Final Brief Submitted In CHECC v. EPA


Francis Menton

The briefing is now complete in Concerned Household Electricity Consumers Council v. EPA. That is the case, currently pending in the U.S. Court of Appeals for the D.C. Circuit, where a small and brave band of electricity consumers, CHECC, challenges the “science” behind EPA’s 2009 finding that CO2 and other “greenhouse gases” constitute a danger to human health and welfare. I am one of the attorneys for CHECC.

Our final Reply Brief was filed originally on Tuesday February 7, and then re-filed in corrected form the next day. (The reason for “correction” is too trivial to go into here. The clerks in the D.C. Circuit take great pleasure in devising trivial reasons to require lawyers to file “corrected” briefs.). Here is a link to the brief. It probably requires a subscription to access. Over the next few days we will probably come up with a way to provide a public access link to the full set of briefs in the case.

In the case, we ask the court to compel EPA to go back and re-assess the “science” of greenhouse gas “endangerment.” The briefing process gave EPA the chance to put its best foot forward as to the scientific basis underlying the finding of endangerment. What is truly remarkable is the extent to which EPA, not to mention the entire government-backed scientific establishment, completely lack any real scientific basis for the claim of great “danger.” The briefing has made that embarrassingly clear.

Equally remarkable is that the job of challenging EPA’s pseudoscientific smokescreen is left to a small handful of individuals working completely pro bono. The fear of being labeled a “science denier” by leftist groupthinkers is apparently strong enough to force almost everyone who should know better off the field of battle. However, we are grateful to the CO2 Coalition for its support in the form of an excellent amicus brief. The CO2 Coalition is the principal group of real scientists willing to continue to speak out about the fake science behind the climate change scare. The CO2 Coalition’s amicus brief was mainly the work of Professors William Happer of Princeton and Richard Lindzen of MIT.

I won’t try to go into great detail about the arguments in the brief, but here are two of the main ones:

The Made-up Surface Temperature Record

EPA relies on so-called “surface temperature” data, dating back to the late 1800s, which show substantial atmospheric warming over that period. The data derive from a network of ground-based thermometers. There are many, many problems with these data, mostly relating to the undeniable fact that the people who are responsible for compiling and maintaining the data massage, manipulate and in-fill information for various purposes, leading to an overall record that is thoroughly corrupted and unfit for any policy purpose. My thirty-part series “The Greatest Scientific Fraud Of All Time” addresses the processes by which the massaging and manipulating leads to reductions in earlier-reported temperatures to enhance the apparent warming trend in the record.

But for purposes of this case, we focused on an aspect of the surface temperature record that is even clearer and less ambiguous: there is virtually no reported data as to surface temperature from the Southern Hemisphere oceans from before the year 2000. The Southern Hemisphere oceans are approximately 40% of the earth’s surface, and the period before 2000 is more than 80% of the surface temperature record. All the data for that vast proportion of the record has been fabricated by the people who are promoting the climate change scare. That fact leaves a gaping hole in EPA’s rationale for the Endangerment Finding. In its Brief, EPA simply tried to avoid the subject. From the Reply Brief, page 14:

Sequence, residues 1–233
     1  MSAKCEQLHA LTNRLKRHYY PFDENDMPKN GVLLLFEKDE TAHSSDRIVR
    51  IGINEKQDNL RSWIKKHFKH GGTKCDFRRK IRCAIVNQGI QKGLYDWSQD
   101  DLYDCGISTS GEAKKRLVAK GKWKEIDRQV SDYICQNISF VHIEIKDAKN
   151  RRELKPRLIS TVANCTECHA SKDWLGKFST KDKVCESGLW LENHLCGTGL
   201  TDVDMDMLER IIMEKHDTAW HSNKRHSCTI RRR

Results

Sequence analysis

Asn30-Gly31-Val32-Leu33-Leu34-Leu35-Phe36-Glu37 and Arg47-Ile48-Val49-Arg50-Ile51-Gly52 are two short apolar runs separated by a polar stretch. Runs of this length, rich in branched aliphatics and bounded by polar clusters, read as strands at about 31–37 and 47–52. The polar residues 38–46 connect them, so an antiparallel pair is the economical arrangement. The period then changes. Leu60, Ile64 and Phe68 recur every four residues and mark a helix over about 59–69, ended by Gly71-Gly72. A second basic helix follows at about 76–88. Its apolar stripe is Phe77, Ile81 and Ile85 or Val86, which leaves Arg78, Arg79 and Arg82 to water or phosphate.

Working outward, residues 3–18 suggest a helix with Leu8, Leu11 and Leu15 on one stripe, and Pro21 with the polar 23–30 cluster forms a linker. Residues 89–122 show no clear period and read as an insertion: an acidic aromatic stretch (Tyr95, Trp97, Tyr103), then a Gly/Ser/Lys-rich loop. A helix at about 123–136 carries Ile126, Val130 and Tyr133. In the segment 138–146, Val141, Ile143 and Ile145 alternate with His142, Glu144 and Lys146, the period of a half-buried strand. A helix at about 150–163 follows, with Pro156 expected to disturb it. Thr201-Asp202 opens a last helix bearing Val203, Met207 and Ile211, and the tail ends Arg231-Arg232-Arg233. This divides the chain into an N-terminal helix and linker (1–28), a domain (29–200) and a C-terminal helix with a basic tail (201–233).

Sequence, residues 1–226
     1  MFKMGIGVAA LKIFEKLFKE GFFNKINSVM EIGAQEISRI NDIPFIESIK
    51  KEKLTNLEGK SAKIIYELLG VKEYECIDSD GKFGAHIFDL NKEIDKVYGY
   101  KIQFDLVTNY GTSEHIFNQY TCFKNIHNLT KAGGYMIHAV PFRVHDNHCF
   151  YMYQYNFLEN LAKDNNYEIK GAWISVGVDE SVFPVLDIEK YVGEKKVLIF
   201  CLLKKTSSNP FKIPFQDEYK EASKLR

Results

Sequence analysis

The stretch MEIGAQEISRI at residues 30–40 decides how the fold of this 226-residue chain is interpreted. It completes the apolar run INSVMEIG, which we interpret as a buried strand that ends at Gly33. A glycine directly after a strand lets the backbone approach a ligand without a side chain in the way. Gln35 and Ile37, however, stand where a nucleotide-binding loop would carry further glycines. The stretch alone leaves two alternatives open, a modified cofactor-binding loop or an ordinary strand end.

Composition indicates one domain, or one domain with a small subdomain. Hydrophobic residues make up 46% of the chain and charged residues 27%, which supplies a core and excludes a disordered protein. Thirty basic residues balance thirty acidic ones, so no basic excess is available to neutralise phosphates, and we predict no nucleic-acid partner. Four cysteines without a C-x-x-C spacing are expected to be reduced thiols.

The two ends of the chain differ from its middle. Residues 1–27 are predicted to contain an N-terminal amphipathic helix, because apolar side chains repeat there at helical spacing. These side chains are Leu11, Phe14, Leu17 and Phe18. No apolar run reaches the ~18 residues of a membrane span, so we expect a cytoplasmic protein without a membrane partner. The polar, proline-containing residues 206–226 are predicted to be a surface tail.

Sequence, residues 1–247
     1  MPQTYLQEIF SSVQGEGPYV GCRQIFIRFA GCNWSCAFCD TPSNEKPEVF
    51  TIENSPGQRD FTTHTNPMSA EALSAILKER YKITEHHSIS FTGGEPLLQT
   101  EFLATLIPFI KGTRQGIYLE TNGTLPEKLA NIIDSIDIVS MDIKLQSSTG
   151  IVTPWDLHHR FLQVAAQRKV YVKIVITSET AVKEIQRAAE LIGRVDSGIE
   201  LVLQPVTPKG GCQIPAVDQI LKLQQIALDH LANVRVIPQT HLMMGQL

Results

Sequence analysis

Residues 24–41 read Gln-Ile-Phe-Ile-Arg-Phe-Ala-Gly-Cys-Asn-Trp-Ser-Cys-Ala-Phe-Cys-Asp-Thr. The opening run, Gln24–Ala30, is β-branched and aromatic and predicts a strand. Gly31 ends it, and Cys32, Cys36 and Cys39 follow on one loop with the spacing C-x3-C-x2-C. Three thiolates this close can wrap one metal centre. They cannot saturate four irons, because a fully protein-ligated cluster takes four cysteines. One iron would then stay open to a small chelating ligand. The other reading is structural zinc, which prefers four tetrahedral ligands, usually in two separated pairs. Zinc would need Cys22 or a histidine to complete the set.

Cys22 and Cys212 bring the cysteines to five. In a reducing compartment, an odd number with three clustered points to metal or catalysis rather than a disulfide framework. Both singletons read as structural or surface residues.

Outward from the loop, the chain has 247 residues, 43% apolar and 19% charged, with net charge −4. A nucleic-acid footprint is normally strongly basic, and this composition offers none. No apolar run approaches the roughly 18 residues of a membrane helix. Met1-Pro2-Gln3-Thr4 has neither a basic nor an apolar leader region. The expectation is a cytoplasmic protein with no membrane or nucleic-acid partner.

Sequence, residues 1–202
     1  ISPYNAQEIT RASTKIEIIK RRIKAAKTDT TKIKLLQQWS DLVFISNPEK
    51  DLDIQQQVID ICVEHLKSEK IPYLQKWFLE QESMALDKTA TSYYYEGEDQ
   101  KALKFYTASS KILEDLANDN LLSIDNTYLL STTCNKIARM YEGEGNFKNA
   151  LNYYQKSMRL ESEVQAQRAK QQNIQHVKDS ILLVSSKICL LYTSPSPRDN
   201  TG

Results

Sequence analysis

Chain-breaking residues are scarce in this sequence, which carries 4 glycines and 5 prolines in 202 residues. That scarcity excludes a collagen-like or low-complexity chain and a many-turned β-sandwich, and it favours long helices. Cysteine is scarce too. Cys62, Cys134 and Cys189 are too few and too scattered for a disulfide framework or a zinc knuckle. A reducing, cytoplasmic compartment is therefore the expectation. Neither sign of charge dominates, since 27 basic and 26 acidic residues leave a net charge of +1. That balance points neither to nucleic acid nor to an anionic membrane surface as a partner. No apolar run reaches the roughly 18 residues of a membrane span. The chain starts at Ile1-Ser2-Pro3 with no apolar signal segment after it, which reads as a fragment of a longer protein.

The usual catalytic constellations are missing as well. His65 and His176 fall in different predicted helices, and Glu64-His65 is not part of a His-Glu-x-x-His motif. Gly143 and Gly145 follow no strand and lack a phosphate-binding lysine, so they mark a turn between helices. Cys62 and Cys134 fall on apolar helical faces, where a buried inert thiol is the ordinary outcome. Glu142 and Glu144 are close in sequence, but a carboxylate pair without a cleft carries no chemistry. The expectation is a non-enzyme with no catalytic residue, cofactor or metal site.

EPA says the argument presents nothing new, and that it previously rejected similar arguments, and that the D.C. Circuit affirmed in Coal. for Responsible Regul., Inc. v. E.P.A, 684 F.3d 102 (D.C. Cir. 2012). But EPA has not shown where in the Endangerment Finding documents the lack of data from the Southern hemisphere oceans was addressed.

The Failure Of Real World Data To Validate The Models On Which EPA Relies

You might think that using real world data to validate hypotheses is the essence of science. But in the field of climate science, and particularly of government-backed climate science, when the data don’t support the model the response is a barrage of excuses and evasions.

Besides the failure of temperatures to rise at nearly the rate models have predicted, there is an even more definitive and embarrassing model failure, which is the absence of the predicted “tropical hot spot.” The “hot spot” was fundamental to EPA’s claimed understanding of the mechanisms of world climate that formed one of the bases of the Endangerment Finding. At pages 15-19 of the Reply Brief we beat EPA over the head with the fact that the “hot spot” can’t be found.

In EPA’s Brief, it responded as to the “hot spot” not by showing that it existed, but rather by claiming that they never said it was important. From the Reply Brief, page 18:

EPA’s contention at p. 48 of its brief, and p. 21 of the Denial that the model- observation mismatch on the Tropical Hot Spot is not important is inconsistent with its previous position on this topic. The Technical Support Document for the 2009 Endangerment Finding at p. 50 says that if the Hot Spot were missing it would be “an important inconsistency.” Now that it is proven to be missing, even by the IPCC, EPA says it is an unimportant inconsistency. EPA’s double-talk does not meet the requirement of rational decision making.

There is plenty more in the Reply Brief for your reading pleasure, should you have the time.

For the full article read here.

via Watts Up With That?

February 13, 2023 at 12:14AM

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